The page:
For thirty-six years Shawnee County was the home of Dandridge E. Kelsey, not only one of her pioneer settlers but unmistakably one of her most respected and valued men. He came to Kansas three years after the close of the great Civil war, in which struggle he had borne an honorable part, and in Shawnee County sought the opportunity of providing, through toil, patience and prudence, a comfortable home for his family and a competency for old age. All this he did but those early years were hard as the tragic days of Kansas had not all been lived through. All her heroes have not been named when the early settlers of Shawnee County have been forgotten.
Dandridge E. Kelsey was born in Dearborn County, Indiana, March 27, 1818, and died in Shawnee County, Kansas, in October, 1904. He was a son of Daniel and Eunice (Cole) Kelsey, who came from Virginia to Indiana in 1814. His uncle, Thomas Kelsey, was a soldier in the Revolutionary war and both he and wife died in Indiana. In boyhood Dandridge E. Kelsey was given educational advantages which qualified him for professional life but he chose farming as his avocation and practically during life was devoted to the peaceful pursuits of agriculture. When the Civil war was precipitated, however, he was ready to enter the service of his country for the preservation of the Union, and in August, 1862, enlisted in Company B, Eighty-third Indiana Volunteer Infantry. He was made lieutenant of this company and the quality of his services, including participation in such struggles as the siege of Vicksburg and Battle of Arkansas Post, may be inferred when unsolicitated promotion came to him and he was made captain. He contracted illness which became so serious that he was forced to retire and in 1864 was discharged by reason of disability.
After recuperation at home, Mr. Kelsey resumed farming in Dearborn County and also became somewhat prominent in local political circles and was elected a justice of the peace. In 1868 he came to Kansas and located in Topeka Township, Shawnee County. During the early succeeding years the family was forced to undergo much unlooked for hardship, for unprecedented drouths dried up the land and the harvests were blasted. Then came the grasshoppers in the following season. Other distressing conditions prevailed in Shawnee County even after Nature’s handicaps had been overcome. One of these was the universal lack of money to exchange for farm products. Perhaps Mr. Kelsey was in no worse condition than his neighbors, for privations were universal and so general that for a time settlement in Shawnee County was to some degree lessened. The time came, however, when cultivation of the land and scientific examination of the soils, the planting of forests and the adoption of other methods for agricultural protection brought about a great change and Mr. Kelsey lived to see his lands bountifully productive and many of his early visions come true. He was never heard to complain of the hardships he was forced to undergo, his courage and optimism being proverbial. He was a quiet, home-loving man, kind and considerate among his neighbors and commanded their respect. In his home life he was particularly kind, making wife and children his real companions and thereby binding them to him in deep affection. His memory is preserved by his children with love and reverence. Prior to the Civil war he had joined the Free Masons and the Odd Fellows and afterward became a member of the Grand Army of the Republic.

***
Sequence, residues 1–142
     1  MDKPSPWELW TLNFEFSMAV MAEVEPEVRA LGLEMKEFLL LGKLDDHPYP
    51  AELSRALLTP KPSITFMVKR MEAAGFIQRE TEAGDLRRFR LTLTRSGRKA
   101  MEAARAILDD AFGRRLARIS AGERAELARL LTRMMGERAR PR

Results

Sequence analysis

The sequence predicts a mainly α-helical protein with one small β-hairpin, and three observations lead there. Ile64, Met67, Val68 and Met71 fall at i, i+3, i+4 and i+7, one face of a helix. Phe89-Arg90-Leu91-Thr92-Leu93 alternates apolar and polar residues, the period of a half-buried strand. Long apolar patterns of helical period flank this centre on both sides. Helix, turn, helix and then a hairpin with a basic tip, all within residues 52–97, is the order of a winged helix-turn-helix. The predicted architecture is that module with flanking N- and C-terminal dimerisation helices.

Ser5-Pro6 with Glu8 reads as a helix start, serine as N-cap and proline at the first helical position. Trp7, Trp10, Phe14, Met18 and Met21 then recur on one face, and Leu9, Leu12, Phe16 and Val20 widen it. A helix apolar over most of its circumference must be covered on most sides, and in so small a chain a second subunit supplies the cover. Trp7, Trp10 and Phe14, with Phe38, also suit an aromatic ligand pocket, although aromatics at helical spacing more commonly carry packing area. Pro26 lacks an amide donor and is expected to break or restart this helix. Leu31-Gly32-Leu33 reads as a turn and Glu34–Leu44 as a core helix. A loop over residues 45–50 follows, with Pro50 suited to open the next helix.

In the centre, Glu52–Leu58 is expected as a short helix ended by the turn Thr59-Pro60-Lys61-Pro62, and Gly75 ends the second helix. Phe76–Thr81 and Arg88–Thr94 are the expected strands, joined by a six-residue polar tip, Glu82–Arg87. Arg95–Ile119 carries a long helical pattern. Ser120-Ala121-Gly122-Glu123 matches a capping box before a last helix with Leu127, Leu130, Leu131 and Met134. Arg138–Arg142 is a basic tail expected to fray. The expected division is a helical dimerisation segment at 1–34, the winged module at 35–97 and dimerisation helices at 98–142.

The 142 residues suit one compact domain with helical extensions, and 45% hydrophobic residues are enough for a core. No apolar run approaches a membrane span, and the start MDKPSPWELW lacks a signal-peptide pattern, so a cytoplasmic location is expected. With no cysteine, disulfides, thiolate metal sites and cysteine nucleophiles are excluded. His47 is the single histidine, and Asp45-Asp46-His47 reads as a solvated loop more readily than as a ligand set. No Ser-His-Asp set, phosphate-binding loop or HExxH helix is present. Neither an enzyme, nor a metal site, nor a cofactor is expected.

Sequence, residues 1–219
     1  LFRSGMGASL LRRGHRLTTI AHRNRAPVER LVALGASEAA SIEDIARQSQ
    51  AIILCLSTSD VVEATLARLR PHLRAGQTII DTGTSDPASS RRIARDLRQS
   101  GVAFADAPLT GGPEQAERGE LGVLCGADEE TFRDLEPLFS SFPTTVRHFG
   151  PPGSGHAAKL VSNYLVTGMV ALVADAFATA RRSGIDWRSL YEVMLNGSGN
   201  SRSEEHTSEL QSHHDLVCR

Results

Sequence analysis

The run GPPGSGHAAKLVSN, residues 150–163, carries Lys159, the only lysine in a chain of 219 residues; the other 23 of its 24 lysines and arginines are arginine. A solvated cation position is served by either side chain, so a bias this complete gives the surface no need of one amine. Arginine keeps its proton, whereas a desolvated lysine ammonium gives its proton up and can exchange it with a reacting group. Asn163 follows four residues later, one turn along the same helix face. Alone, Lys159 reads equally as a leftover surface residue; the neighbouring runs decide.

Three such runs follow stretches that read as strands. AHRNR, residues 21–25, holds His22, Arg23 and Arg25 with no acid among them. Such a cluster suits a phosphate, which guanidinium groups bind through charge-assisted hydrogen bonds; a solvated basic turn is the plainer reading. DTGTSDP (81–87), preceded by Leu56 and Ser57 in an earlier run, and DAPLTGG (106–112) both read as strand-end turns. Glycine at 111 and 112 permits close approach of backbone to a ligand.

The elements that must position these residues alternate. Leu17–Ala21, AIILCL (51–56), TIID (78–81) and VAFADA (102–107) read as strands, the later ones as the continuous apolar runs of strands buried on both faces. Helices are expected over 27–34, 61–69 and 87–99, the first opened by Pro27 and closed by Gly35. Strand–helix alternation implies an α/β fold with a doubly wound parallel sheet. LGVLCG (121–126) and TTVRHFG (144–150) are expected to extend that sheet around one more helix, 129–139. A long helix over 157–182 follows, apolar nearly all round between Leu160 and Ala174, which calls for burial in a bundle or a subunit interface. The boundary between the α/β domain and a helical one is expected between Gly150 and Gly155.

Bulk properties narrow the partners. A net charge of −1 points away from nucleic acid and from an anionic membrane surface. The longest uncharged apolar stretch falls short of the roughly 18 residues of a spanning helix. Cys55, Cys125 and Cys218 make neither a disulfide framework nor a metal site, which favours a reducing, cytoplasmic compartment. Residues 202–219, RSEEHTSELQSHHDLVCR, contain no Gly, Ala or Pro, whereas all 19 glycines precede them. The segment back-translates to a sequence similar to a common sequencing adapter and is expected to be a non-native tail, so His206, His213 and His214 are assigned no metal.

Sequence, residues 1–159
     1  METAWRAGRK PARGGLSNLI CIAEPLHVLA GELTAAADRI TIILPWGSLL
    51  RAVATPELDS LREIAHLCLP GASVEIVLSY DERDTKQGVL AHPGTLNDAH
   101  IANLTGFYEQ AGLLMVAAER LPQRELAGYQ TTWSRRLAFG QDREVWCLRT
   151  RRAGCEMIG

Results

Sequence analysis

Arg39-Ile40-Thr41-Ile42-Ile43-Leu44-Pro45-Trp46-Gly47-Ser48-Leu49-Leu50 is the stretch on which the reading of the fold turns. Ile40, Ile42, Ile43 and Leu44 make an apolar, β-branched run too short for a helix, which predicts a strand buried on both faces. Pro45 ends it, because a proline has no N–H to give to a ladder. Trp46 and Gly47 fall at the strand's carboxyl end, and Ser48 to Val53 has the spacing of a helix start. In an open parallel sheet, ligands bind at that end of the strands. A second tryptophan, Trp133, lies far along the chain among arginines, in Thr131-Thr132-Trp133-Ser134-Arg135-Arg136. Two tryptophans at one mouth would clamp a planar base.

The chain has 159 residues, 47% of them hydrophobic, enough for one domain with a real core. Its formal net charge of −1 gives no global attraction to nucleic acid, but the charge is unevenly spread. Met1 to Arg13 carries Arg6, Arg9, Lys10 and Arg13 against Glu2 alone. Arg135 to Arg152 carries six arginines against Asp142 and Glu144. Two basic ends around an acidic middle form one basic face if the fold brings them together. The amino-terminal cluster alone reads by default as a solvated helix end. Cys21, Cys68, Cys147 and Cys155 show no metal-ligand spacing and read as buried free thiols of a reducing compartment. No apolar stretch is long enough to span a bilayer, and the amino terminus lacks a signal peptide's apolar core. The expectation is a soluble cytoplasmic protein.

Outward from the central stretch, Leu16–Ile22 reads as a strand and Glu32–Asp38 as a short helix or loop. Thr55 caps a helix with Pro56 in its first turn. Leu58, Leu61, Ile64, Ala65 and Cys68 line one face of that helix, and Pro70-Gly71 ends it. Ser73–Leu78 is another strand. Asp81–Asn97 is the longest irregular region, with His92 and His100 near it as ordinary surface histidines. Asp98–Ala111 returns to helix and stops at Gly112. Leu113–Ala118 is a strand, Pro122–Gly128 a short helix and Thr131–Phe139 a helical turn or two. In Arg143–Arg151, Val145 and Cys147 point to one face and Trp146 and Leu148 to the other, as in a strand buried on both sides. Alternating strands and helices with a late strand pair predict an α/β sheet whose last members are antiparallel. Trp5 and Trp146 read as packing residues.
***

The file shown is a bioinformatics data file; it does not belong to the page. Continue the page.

Mr. Kelsey was married in early manhood to Merey Laycock, who died in 1854, and they had four children: America, Ann Eliza, Scott and Taylor, the second and fourth being deceased. Mr. Kelsey was married (second) to Mrs. Elizabeth Wilson, and three children were born to them: Eliza Agnes, Benjamin F. and Charles D., Benjamin F. being the only survivor.